Make no mistake, recruiting volunteers is hard! This is particularly so when recruiting people for the club's committee. A consistent and concerted year round effort is required to bring people on board as volunteers.
Volunteers can be recruited from inside or outside the organisation but the most successful strategies generally concentrate on recruiting from inside the organisation i.e. recruiting from
Recruitment of volunteers does not just happen; someone must be allocated the task. The recommended practice is to appoint a person as a Volunteer Coordinator who takes on the specific role of recruiting volunteers. If no such Volunteer Coordinator position exists the task is often carried out by anyone on the management committee of the organisation (if it is a non-profit organisation).
Whoever is assigned the task; a volunteer can only be recruited if:
(a) Someone steps forward and volunteers (less typical)
(b) Someone is specifically approached and asked to volunteer (more typical)
Activities that might cause someone to step forward as a volunteer are:
Most people tend to be reluctant to step forward to volunteer, they need to be personally asked. But who do you ask? It is necessary to improve the odds than simply asking everyone one-by-one and getting a large number of knock-backs, sometimes not so friendly.
The good volunteer recruitment officer gets to know most people in the organisation and establishes a special rapport with some of the members. Over a period of time, this "inner circle" is often motivated to assist, in small ways at first and then taking on major roles as confidence and commitment increases.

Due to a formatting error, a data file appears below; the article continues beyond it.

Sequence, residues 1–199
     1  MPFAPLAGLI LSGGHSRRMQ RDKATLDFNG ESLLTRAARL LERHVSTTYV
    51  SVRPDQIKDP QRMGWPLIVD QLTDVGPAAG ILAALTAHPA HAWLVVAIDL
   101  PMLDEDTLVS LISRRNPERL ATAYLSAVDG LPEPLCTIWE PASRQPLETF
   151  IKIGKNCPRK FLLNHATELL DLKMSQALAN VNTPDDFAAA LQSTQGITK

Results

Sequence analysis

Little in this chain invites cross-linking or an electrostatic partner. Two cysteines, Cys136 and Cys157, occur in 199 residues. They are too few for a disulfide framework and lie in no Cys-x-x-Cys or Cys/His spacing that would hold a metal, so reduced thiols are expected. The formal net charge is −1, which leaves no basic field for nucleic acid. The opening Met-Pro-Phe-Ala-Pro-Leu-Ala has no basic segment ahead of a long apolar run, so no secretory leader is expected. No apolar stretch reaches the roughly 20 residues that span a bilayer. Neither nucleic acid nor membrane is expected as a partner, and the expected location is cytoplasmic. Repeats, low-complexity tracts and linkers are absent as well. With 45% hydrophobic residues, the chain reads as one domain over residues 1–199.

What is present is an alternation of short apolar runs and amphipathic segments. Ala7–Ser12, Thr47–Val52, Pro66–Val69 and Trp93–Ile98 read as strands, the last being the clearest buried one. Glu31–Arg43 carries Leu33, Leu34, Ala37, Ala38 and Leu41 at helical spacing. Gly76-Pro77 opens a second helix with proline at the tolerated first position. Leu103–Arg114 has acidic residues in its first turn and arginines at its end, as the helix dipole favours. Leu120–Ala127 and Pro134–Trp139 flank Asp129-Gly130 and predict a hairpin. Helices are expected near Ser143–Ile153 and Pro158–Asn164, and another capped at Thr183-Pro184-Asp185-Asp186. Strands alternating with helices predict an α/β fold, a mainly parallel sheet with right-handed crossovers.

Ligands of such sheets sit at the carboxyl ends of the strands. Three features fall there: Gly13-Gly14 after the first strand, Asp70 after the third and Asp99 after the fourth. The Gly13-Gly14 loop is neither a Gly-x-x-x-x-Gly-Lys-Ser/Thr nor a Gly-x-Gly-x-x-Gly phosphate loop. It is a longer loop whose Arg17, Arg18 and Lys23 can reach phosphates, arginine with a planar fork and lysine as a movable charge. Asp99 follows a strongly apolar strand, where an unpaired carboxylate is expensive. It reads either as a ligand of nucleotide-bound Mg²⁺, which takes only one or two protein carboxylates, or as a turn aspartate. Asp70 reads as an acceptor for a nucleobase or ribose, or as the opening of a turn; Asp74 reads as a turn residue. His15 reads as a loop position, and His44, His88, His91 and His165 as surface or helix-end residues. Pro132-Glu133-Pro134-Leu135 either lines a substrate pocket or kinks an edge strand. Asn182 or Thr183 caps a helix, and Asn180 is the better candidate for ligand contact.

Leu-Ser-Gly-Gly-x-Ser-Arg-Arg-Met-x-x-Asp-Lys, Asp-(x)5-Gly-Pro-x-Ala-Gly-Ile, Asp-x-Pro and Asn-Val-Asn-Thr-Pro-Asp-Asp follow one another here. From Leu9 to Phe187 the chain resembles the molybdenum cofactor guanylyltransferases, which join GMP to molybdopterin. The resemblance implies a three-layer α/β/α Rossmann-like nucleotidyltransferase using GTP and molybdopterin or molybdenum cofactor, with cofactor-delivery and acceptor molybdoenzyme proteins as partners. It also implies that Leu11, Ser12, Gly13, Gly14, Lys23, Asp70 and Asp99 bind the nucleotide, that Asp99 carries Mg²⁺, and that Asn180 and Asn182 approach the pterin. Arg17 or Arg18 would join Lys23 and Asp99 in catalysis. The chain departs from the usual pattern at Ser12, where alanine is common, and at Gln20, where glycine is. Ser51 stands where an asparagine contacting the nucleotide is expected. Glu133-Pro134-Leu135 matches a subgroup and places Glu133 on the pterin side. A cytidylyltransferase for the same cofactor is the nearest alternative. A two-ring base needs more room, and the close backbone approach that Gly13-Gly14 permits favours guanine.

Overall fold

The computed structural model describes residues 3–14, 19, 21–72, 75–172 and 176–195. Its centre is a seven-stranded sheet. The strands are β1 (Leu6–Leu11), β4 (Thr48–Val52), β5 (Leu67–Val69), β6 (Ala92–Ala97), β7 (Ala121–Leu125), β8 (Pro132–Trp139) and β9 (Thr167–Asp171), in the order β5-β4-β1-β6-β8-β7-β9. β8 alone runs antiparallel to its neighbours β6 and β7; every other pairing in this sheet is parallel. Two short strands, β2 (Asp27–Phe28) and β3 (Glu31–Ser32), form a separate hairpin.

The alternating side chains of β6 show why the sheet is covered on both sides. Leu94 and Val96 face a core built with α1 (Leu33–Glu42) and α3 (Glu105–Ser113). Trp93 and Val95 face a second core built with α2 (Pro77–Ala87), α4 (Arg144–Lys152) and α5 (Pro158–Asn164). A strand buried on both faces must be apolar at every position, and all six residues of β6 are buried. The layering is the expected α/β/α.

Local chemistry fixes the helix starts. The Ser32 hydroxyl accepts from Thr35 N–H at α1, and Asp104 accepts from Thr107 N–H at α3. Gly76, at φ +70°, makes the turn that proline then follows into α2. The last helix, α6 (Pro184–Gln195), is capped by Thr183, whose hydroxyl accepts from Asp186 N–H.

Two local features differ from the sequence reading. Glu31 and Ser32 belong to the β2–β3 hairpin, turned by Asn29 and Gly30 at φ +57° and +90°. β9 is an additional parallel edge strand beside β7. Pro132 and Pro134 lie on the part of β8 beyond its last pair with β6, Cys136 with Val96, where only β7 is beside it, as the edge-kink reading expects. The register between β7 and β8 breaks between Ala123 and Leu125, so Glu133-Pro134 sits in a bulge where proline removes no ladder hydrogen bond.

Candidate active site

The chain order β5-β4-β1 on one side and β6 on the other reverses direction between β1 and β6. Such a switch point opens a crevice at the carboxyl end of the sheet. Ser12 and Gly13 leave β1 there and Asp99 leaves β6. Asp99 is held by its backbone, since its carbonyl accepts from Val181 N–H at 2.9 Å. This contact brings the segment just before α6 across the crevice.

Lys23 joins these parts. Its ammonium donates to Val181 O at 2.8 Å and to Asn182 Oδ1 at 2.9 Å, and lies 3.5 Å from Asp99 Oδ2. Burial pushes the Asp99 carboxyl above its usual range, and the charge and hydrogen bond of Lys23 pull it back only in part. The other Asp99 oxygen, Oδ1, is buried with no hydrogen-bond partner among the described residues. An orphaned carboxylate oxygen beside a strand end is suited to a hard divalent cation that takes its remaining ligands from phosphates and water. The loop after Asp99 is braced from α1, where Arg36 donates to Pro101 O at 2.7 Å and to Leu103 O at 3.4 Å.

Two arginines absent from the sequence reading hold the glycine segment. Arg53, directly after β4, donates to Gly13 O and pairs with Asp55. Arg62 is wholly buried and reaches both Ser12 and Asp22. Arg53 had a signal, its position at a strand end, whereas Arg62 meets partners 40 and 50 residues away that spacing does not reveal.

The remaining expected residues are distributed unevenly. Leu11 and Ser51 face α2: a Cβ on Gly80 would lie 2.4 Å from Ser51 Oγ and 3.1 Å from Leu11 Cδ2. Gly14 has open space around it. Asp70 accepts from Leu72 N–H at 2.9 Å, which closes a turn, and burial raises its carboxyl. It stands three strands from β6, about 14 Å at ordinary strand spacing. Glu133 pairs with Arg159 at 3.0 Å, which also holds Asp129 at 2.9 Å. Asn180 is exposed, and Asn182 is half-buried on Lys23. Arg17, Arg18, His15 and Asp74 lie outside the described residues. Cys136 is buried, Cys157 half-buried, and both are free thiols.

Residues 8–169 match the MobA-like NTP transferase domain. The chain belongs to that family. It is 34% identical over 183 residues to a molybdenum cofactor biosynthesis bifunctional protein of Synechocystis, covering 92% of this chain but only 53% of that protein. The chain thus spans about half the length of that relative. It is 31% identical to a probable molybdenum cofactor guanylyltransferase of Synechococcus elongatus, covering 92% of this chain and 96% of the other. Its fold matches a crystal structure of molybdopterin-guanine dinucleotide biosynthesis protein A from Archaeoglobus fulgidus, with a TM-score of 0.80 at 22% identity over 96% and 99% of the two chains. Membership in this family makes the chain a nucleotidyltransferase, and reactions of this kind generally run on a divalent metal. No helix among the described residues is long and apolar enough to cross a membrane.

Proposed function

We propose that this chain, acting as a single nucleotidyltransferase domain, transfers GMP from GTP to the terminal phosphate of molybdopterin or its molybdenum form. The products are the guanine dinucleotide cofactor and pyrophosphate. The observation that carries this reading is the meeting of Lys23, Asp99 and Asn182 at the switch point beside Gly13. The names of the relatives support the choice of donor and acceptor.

There are two key weapons that will assist in making an approach.
Organisational culture is most important in recruiting and retaining volunteers. If the organisation culture is generally negative, it becomes most difficult to interest people to offer themselves for committee or other voluntary positions.
Organisation culture is very difficult to define, yet it is undeniably very powerful. It is visible and it is experienced, see table below.
Culture is a system of shared values and beliefs about what is important, what behaviours are appropriate and how the people in the organisation relate to one another.
Culture gives organisations a sense of direction. It is persuasive and tends to have an affect on everyone in the organisation. A positive culture energises people and stimulates growth and development. A negative culture drains energy and causes organisations to 'implode'.